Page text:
August 18, 2008 – Randy Scheunemann, one of John McCain’s top foreign policy advisers, represents a key link in neoconservative strategy that seeks simultaneously to remove hostile regimes in the Middle East and to box in Russia through an expanded NATO that incorporates former Soviet bloc countries.
Scheunemann has come under scrutiny in recent weeks for his past lobbying work on behalf of the government of Georgia, even while he was advising McCain who vowed to bar lobbyists from his campaign.
Scheunemann’s company, Orion Strategies, has received about $750,000 from Georgia, with payments as recently as May.
After the Aug. 7 outbreak of fighting between Georgia and Russia over Georgia’s breakaway province of South Ossetia, McCain – advised by Scheunemann – led a crescendo of tough rhetoric warning of a possible new Cold War and demanding harsh penalties against Moscow.
But Scheunemann’s advice on the Russia-Georgia conflict only captures part of his role in shaping McCain’s neoconservative foreign policy.
Scheunemann merges two key prongs of a neocon global strategy for permanent U.S. military dominance: the simultaneous projection of U.S. power into the Middle East and the elimination of Russia’s dream of reestablishing itself as a major international player.
Operating mostly behind the scenes, Scheunemann has long worked to unify former East Bloc states into an anti-Moscow alliance and to apply regime-change tactics against U.S. adversaries in the Middle East, such as Saddam Hussein’s Iraq and the mullahs in neighboring Iran.
In that regard, Scheunemann was one of the neocon operatives who helped promote bogus intelligence about Iraq in the run-up to the U.S.-led invasion. He also has said the U.S. government has not been tough enough in dealing with other “rogue” nations, such as Iran.
For instance, Scheunemann believes one area of U.S. foreign policy that needs change is the ban on assassinating leaders of foreign governments.
“It makes no sense to regularly target command and control nodes with precision-guided munitions, while denying highly capable sniper teams the ability to attack individual targets,” Scheunemann told conservative author Bill Gertz in the 2002 book Breakdown.
According to the book, Scheunemann believed the CIA should have been given the authority to assassinate Saddam Hussein during the first Persian Gulf War.
“The messy business of back-alley tradecraft has taken a back seat to the much simpler business of ‘liaison’ with foreign intelligence services,” Scheunemann told Gertz, adding that he would seek to change that approach if and when he returned to the U.S. government.
A director of the neocon Project for the New American Century, Scheunemann worked on McCain’s failed bid for the White House in 2000 and became a top adviser to former Defense Secretary Donald Rumsfeld in 2001.
But Scheunemann’s primary service to the Bush administration has come in his private capacity as a contact to Eastern European states as well as his association with Iraqi exiles.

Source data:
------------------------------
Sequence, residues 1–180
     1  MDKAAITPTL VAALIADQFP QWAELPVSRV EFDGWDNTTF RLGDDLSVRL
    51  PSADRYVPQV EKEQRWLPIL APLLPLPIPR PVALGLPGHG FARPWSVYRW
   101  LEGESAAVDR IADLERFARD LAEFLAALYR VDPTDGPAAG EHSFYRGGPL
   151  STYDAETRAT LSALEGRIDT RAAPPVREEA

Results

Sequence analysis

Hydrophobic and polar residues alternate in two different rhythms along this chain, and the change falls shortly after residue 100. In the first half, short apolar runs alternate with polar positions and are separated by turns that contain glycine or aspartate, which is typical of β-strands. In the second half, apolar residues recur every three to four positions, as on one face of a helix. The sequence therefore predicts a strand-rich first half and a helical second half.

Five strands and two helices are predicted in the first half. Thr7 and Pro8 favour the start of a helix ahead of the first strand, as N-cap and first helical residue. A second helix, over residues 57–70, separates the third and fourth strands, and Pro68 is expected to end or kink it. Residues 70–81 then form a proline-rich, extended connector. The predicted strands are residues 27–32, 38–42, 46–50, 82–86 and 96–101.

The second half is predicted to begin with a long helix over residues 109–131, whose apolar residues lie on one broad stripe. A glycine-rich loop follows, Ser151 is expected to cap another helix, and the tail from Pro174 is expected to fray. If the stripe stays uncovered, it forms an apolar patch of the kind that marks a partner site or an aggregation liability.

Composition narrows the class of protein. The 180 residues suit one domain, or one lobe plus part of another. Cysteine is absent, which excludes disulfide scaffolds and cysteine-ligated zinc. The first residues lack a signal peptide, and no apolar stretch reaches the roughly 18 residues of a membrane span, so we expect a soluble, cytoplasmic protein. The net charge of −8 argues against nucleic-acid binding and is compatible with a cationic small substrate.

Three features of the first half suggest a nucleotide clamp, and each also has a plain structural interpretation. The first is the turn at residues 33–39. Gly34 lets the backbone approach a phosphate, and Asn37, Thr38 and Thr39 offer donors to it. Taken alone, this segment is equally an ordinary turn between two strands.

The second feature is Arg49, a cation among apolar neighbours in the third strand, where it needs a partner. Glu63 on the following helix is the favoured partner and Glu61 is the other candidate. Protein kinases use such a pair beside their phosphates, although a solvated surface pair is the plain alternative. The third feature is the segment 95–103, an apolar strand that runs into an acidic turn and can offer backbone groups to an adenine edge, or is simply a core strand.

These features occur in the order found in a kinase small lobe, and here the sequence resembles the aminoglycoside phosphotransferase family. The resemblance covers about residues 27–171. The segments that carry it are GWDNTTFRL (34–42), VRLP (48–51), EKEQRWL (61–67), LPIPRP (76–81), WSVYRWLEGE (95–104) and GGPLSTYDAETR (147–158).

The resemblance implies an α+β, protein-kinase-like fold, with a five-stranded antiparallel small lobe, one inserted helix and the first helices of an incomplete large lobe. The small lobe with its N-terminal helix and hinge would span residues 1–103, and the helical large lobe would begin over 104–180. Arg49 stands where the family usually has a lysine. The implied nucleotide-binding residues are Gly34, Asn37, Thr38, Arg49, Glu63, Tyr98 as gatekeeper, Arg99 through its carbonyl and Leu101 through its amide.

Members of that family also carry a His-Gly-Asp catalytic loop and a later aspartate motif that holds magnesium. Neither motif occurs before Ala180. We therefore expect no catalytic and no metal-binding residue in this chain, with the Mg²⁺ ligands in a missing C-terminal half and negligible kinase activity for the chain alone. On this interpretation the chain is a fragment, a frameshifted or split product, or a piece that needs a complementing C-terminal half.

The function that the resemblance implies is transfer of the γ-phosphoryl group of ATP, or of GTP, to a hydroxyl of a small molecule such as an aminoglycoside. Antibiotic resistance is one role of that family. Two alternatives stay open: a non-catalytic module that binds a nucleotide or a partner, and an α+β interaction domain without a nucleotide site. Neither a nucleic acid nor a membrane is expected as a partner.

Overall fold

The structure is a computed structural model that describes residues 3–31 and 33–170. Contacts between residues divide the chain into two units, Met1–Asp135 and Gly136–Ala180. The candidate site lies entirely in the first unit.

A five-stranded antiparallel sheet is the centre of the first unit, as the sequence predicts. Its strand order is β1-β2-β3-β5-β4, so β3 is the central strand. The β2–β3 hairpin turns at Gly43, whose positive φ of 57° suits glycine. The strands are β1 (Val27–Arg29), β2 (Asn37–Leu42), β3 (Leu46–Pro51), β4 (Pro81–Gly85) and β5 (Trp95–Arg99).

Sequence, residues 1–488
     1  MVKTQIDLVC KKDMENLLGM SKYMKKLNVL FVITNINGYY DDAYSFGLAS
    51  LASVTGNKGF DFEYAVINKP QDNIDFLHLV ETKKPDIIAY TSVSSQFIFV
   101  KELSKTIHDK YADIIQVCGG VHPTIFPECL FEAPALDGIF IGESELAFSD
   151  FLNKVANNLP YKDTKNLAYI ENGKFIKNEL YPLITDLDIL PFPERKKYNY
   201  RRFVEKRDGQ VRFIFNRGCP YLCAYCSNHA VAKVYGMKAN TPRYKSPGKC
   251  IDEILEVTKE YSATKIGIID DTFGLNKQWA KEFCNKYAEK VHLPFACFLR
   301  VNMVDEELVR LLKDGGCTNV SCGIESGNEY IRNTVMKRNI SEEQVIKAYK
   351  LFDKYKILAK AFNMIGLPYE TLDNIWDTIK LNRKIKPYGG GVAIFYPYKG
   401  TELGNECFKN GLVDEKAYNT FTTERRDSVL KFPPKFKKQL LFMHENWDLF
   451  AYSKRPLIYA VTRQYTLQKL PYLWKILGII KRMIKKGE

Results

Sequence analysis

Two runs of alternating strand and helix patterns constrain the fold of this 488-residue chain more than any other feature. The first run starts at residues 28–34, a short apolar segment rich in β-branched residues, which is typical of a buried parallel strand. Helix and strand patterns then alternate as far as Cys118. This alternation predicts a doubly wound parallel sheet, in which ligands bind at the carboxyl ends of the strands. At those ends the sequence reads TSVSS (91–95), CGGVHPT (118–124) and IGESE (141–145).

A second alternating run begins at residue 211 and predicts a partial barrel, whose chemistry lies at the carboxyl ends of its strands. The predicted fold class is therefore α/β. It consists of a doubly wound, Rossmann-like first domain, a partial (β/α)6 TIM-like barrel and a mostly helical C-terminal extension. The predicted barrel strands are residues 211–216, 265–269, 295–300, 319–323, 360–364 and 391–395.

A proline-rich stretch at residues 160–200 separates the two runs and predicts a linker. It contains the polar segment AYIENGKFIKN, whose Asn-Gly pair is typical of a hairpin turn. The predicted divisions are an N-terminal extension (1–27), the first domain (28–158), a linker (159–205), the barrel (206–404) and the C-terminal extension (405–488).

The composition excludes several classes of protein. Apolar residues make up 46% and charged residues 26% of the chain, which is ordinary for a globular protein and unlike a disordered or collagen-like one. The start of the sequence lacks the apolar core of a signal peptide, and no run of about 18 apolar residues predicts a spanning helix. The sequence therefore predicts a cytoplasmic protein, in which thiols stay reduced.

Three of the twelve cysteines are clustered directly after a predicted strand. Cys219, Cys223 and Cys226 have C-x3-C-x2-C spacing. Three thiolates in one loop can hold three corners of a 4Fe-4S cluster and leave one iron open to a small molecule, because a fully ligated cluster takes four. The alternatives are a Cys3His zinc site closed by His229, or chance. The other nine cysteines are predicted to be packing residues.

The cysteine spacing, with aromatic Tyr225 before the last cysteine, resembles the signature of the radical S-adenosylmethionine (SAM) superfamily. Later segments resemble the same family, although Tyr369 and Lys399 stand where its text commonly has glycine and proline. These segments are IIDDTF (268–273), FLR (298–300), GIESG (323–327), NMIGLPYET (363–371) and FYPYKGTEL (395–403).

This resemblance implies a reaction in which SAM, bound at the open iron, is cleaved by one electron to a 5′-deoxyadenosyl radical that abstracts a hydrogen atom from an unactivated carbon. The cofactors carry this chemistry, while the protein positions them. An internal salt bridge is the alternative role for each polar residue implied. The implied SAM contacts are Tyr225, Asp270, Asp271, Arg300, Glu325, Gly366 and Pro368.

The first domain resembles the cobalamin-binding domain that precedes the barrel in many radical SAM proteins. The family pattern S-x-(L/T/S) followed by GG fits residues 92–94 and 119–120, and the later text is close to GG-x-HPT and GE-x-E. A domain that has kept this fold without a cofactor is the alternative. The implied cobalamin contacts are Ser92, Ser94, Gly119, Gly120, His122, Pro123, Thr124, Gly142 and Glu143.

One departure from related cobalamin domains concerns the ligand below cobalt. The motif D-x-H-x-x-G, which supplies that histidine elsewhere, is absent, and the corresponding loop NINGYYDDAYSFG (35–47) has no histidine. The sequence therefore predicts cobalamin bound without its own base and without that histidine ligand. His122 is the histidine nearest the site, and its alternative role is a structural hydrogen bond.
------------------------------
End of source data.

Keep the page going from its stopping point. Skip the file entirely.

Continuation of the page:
In fall 2002, Scheunemann got a green light from the White House to launch the Committee for the Liberation of Iraq, an organization whose mission was to promote regime change in the region and to gather European support for a preemptive strike on Iraq.
“The Committee for the Liberation of Iraq was the brainchild of the Bush administration,” the Financial Times reported on Dec. 16, 2002. “It is said that, once the Saddam regime has been overthrown, the CLI will act as a ‘shadow government’ for Baghdad.
“But it will limit itself to policy matters and will not deal with details. It will, eventually, press for a ‘competitive petroleum production-sharing regime’ which could make OPEC irrelevant to Iraq’s oil output or supply decisions.”
Scheunemann had been an early supporter of Ahmad Chalabi and his Iraqi National Congress, which supplied false intelligence to the CIA about Hussein’s alleged WMD and his supposed ties to Osama bin Laden.
In 1998, while an adviser to Republican Senators Bob Dole and Trent Lott, Scheunemann drafted the Iraq Liberation Act and got the federal government to funnel $98 million to Iraqi exiles associated with Chalabi’s INC.
Later, the Committee for the Liberation of Iraq housed its offices at the same address as Chalabi’s INC.
Scheunemann worked closely, too, with the White House Iraq Group, which was headed by George W. Bush’s Chief of Staff Andrew Card. The so-called WHIG was charged with selling the war to the American public.
In November 2002, the Washington Post reported that Scheunemann’s group would push for regime change in Iraq through “sessions with opinion makers, contacts for journalists and mass marketing when the time is ripe.
On Jan. 28, 2003, the same day that President Bush delivered his State of the Union address that included the now-debunked claim that Iraq had sought yellowcake uranium from Niger, Scheunemann tapped McCain and his close ally, Sen. Joseph Lieberman, as honorary co-chairmen of the Committee for the Liberation of Iraq.